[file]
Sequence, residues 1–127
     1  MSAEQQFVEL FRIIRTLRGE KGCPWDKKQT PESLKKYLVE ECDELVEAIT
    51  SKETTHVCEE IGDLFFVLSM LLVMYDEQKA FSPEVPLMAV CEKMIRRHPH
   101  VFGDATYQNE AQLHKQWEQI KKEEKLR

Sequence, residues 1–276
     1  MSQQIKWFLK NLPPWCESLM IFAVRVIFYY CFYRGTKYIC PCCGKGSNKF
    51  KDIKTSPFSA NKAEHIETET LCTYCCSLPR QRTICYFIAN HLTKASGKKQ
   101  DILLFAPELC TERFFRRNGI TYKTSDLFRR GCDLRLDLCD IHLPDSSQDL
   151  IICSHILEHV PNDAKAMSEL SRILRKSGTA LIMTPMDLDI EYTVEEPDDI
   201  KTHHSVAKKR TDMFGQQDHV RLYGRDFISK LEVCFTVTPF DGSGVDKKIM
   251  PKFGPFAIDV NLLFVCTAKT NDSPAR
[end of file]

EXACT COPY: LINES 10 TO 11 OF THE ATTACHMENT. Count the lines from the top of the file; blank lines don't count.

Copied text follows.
   201  KTHHSVAKKR TDMFGQQDHV RLYGRDFISK LEVCFTVTPF DGSGVDKKIM
   251  PKFGPFAIDV NLLFVCTAKT NDSPAR